Smartphone “battle of the giants” commences
|Microsoft and Orange launched today the first commercial Smartphone running the Microsoft operating system “Smartphone 2002” and have thereby started on a new chapter in mobile history.|
Microsoft, whose operating systems and office packages are being used world-wide in most companies and homes, have been keeping us all waiting for this product, which for some years has been “just around the corner”.
Microsoft’s new smartphone – produced by HTC in Taiwan – is a very aggressive product with a long list of features that gives the end-users a very versatile, easy to use, yet advanced mobile phone. We could not help but be impressed when we actually tried the smartphone – and with the price it will retail at, it is a serious competitor to the Sony Ericcson T68i, Nokia 7650, Siemens S55 and the other high-end terminals on the market. In our opinion, it is not a question of whether this product will be a success, but how big the success will be!
Almost all of the established mobile industry has made a serious effort to keep Microsoft out of their world – with the founding of Symbian they have created a solid alternative to Microsoft’s mobile strategy, in the hope that Symbian would be strong enough to keep Microsoft either out or at bay. Symbian is owned by Nokia, Sony Ericsson, Siemens, Motorola, Panasonic and Psion.
They see Microsoft as the dark side of the mobile force. One of the owners and major drivers behind Symbian is Psion. According to recent industry sources, Psion will be switching to Microsoft’s Windows CE on their top of the line handhelds in time for this Christmas! What kind of effect this will have on Symbian in the longer term is still a guessing game, but it does stand in contrast to earlier rejections to cooperation with Microsoft from the owners of Symbian.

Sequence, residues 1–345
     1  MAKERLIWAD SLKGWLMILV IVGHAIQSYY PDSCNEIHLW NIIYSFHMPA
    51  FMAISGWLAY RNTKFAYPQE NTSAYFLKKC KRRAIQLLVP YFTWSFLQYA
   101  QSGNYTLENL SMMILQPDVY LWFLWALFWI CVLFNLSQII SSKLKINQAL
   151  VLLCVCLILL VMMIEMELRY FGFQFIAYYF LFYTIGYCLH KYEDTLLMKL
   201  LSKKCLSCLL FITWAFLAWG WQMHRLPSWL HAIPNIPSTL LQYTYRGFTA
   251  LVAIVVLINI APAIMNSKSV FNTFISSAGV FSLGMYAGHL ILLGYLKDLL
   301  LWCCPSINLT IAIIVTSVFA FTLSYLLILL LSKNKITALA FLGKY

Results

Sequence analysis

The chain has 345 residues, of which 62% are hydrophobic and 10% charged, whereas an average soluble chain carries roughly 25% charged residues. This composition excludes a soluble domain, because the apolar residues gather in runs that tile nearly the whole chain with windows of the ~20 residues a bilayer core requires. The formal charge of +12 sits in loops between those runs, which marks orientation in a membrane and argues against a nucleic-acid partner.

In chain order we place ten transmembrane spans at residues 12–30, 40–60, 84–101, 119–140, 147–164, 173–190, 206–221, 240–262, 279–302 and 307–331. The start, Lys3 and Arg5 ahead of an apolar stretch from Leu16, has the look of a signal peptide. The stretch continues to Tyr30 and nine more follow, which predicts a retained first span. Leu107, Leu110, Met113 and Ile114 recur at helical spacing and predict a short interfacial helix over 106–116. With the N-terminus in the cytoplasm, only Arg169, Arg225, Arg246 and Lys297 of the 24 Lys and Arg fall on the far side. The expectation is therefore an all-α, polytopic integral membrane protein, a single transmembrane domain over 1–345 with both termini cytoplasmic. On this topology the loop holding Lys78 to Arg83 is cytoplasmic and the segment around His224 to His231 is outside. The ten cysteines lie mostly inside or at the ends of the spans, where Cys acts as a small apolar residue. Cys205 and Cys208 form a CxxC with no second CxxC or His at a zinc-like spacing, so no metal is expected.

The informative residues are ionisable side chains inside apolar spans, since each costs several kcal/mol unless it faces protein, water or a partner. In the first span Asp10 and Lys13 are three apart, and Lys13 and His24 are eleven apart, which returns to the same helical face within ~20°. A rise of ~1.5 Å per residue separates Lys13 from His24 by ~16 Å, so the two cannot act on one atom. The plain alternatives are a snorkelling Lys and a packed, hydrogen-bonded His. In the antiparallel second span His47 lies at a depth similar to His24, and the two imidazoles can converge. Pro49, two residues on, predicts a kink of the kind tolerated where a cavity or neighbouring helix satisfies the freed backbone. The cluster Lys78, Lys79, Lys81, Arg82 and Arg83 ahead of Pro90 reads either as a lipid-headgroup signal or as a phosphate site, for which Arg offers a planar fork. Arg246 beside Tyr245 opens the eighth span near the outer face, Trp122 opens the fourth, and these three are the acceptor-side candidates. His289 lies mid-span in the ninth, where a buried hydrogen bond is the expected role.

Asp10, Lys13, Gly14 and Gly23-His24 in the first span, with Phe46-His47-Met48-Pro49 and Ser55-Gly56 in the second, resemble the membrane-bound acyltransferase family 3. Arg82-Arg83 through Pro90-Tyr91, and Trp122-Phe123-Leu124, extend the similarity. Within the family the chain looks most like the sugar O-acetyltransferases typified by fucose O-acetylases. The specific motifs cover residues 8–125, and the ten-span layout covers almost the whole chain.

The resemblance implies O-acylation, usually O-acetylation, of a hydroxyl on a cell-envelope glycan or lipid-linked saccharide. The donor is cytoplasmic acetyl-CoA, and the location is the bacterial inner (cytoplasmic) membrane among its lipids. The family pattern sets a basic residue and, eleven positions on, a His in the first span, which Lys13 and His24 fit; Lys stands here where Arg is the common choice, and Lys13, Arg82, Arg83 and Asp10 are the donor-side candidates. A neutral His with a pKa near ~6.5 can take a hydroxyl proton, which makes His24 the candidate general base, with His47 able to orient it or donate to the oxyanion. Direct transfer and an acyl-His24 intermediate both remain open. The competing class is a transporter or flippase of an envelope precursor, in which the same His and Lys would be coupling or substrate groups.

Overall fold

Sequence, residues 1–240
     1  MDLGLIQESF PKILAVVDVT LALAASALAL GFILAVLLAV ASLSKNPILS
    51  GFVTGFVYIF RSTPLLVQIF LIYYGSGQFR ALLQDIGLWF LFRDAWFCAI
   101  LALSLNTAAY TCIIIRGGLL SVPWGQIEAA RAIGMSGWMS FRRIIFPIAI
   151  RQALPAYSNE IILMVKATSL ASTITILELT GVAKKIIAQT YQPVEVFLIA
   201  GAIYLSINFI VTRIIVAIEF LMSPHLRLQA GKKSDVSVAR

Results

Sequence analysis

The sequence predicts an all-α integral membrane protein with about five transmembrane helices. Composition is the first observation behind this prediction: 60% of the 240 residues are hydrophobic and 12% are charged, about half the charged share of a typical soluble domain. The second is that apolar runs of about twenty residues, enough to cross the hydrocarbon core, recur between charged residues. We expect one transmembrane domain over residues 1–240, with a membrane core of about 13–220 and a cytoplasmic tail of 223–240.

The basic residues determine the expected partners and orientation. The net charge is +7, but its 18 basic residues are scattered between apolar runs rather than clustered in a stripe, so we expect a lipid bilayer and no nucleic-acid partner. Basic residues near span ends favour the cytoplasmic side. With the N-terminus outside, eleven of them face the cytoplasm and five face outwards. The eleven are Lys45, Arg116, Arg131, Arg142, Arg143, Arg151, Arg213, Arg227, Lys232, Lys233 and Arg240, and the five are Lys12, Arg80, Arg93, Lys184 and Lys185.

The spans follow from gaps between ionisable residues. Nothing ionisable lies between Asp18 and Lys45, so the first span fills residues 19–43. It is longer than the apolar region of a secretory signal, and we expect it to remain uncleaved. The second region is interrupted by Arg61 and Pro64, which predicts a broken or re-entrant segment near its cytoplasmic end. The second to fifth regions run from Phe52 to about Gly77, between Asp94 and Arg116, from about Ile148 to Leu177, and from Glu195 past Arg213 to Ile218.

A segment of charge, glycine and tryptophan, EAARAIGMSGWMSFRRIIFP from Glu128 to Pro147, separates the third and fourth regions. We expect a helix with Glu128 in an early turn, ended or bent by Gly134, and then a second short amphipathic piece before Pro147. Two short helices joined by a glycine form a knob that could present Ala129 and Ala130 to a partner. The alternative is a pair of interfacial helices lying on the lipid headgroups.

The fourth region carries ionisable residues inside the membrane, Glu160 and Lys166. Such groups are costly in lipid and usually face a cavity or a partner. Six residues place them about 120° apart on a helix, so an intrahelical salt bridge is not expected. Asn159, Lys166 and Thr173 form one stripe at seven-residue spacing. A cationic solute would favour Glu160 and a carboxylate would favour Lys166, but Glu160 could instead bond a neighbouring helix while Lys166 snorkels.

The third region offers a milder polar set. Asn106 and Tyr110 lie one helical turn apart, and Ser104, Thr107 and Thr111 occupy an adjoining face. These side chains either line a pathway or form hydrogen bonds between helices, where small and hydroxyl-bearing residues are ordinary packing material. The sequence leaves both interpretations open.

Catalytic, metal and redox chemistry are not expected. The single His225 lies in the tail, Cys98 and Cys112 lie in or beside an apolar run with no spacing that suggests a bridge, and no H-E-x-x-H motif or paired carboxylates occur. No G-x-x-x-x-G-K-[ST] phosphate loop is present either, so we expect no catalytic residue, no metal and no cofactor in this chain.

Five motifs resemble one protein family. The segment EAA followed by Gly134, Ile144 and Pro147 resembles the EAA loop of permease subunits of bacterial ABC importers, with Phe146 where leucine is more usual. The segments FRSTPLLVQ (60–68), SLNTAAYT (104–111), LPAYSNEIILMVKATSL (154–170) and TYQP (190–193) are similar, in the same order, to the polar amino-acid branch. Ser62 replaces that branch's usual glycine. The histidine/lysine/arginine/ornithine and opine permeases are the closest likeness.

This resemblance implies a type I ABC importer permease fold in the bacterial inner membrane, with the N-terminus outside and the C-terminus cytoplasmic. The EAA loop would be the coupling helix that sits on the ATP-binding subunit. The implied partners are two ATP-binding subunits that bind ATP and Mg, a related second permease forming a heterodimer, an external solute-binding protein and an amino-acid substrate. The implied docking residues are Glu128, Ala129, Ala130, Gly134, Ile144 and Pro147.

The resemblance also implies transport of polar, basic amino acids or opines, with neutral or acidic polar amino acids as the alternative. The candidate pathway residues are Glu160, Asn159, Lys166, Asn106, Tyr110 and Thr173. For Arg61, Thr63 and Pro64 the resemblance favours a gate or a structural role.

What will decide the outcome of the battle between the high-end mobile devices? Ultimately – like we have seen on so many other new technological platforms – it will be the amount of content, services and applications available to the consumers and the ease with which consumers can access and use them. The question that then springs to mind is; who do you think will be best at ensuring this – the traditional mobile phone manufactures – or Microsoft.?
In our latest report “How to make money on Mobile Services” we have examined in detail how much non-voice ARPU the different types of mobile terminals will generate. The report does not distinguish between Symbian and Microsoft terminals – but we can ascertain that the richer devices will generate significantly more ARPU than the traditional 2G and even the new 2.5G terminals.
In the next few years, Smartphones will generate almost double the ARPU of 2.5G phones will and nearly four times the amount that 2G phones will be able to achieve. So in 2005 the ARPU for Smartphones in Western Europe will be 304 Euro pr. year, compared to 179 Euro for 2.5G and only 81 Euro for 2G mobile phones. Already by the end of 2002, Smartphones will be by far the biggest APRU performer in the mobile terminal world.
The main reasons for the much higher ARPU than the traditional terminals are of course the colour screen, more facilities and larger memory, making applications like Instant Messaging and E-mail much more attractive and easy to use.
Microsoft’s entry into the mobile world will not be totally without problems – the fact that the established manufactures have tried to keep Microsoft off their turf, has so far meant that Microsoft has only had access to the smaller manufactures and not the best known mobile brand names. This could put Microsoft in a situation where consumers and mobile operators are screaming for Microsoft devices, but can only choose from a limited choice of terminals compared to the competition.
We do not know who will come out the winner of the Symbian/Microsoft battle, but the fact that the Microsoft mobile terminals are designed to seamlessly run and interact with the same products that most customers use and know so well today on their PC’s, points towards some heavy duty competition in the cards for Symbian.
|More information on the report|